Site-Based Decision-Making

Chapter 23 - Tacking Across the Wind

All too often we sail directly into the wind rather than tacking back and forth across the wind like a good sailor would. We have been taught that the quickest path between two points is a straight line, but we sometimes fail to recognize that it may take less time to go around the mountain than it requires to climb it. We may fail to acknowledge the power of the wind when it blows right at us. We try paddling madly up stream rather than figuring out how to go with the flow.

Those who would change human organizations have much to learn from eastern religions and philosophies such as Taoism. The intensity with which we approach change often blocks us from achieving it.

Heider's The Tao of Leadership: Leadership Strategies for a New Age is filled with helpful strategies such as the following:

When I let go of what I am, I become what I might be.

When I let go of what I have, I receive what I need.1

A list of just some of these strategies from Heider's Table of Contents illustrates how counter-culture these approaches seem to those of raised in a western society:

While nearly all of these strategies require some degree of reflection and observation, we probably hold a preference for action and inaction rather than reflection. We act first, study later, or we keep our head buried in sand, but reflection and consideration are rarely required. If we act at all, we are too often impulsive and somewhat frenetic. This bias toward action may help to explain the long list of bandwagons which have rumbled through the profession for the past 20 years. "We must do some thing! Anything!"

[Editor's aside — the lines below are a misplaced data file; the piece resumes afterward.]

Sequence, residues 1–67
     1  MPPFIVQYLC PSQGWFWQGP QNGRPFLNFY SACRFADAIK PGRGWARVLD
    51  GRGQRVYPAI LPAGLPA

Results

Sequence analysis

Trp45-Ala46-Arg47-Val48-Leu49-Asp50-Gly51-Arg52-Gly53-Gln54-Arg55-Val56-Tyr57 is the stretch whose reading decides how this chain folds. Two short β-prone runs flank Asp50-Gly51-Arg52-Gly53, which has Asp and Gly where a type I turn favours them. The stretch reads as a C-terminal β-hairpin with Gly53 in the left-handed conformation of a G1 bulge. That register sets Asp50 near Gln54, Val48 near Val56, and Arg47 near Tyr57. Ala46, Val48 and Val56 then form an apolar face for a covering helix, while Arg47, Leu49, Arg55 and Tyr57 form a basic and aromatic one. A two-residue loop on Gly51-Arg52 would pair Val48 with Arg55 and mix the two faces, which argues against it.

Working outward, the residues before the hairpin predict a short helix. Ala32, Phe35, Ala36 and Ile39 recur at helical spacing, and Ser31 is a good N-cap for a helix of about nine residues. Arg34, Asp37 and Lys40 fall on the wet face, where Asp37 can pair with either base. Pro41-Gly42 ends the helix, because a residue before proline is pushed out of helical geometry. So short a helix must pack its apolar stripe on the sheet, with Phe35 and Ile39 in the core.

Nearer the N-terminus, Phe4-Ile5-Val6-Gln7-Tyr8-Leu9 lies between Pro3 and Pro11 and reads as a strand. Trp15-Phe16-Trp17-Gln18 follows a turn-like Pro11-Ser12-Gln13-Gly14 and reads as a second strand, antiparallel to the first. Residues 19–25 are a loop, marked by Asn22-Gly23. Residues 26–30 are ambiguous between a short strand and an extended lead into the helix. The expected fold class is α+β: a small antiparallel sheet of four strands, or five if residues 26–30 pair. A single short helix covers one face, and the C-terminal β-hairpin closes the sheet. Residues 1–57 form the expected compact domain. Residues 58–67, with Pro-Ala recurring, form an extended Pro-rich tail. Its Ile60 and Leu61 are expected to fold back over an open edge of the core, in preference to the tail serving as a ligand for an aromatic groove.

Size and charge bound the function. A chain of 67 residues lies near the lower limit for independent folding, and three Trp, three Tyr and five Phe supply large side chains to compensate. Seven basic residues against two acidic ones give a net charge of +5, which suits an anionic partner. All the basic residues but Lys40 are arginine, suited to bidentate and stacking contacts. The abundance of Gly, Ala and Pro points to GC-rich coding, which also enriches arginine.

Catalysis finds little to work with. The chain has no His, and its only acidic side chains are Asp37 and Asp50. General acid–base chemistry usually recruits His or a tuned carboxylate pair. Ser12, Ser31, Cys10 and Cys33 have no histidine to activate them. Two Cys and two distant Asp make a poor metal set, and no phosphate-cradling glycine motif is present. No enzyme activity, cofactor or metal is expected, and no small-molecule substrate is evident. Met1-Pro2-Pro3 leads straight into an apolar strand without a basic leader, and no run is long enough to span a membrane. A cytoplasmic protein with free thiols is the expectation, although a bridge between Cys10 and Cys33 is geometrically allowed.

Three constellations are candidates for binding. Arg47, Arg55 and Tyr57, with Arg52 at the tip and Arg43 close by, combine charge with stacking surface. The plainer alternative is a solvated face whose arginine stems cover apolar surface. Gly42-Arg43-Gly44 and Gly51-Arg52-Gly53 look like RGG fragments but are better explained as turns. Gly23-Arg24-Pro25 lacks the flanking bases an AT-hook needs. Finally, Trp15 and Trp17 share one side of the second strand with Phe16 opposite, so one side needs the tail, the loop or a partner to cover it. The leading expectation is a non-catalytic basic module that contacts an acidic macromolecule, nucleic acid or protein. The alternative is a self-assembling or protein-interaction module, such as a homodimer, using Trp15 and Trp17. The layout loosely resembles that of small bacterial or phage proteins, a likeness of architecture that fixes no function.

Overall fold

School councils must provide time for all to reflect upon the wind and the natural way of things. They must provide for silence and thought. They must allow for the deep breath which precedes wisdom. And they must sometimes sail with and across instead of against the wind. They must learn to read the ripples as they cross the water and ask whether the wind is on its way somewhere worth-while.

What is the wind? For schools it may be the outward signs of the momentum and spirit of a particular group of children and families. It may be trends and tendencies in a community. The wind is a metaphor for the outward signs of movement and inclination. The wind is a chance to see the character or disposition of a school community. A thesaurus provides words such as the following to help us understand the meaning of the wind in this chapter:

bent bias drift

habit leaning partiality

penchant predilection preference

proclivity propensity tendency

character disposition nature

spirit temperament

How strange that a book on site-based management would suggest that leaders of school improvement study the wind. School administrators are often accused of "blowing with the wind" -- that they stand for no values and are quick to change course as the wind changes direction. But that kind of purposeless acceptance of the wind is far from what is being suggested here. One learns to read the wind and consider whether the direction matches the values of the school council. In most cases there will be some divergence which will require a course that takes power from the wind but heads in a somewhat different direction. At the same time, those who fail to read the wind may find themselves surprised by its ability to force one off course.

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Copyrighted 1991 by Jamie McKenzie, all rights reserved.